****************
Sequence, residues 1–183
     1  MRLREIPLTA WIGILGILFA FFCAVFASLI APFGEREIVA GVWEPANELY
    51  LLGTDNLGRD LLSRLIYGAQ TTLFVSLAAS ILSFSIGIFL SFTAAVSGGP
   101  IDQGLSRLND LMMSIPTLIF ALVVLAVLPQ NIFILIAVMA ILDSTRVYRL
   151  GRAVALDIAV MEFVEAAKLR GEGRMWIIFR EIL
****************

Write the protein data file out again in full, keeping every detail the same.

Sequence, residues 1–183
     1  MRLREIPLTA WIGILGILFA FFCAVFASLI APFGEREIVA GVWEPANELY
    51  LLGTDNLGRD LLSRLIYGAQ TTLFVSLAAS ILSFSIGIFL SFTAAVSGGP
   101  IDQGLSRLND LMMSIPTLIF ALVVLAVLPQ NIFILIAVMA ILDSTRVYRL
   151  GRAVALDIAV MEFVEAAKLR GEGRMWIIFR EIL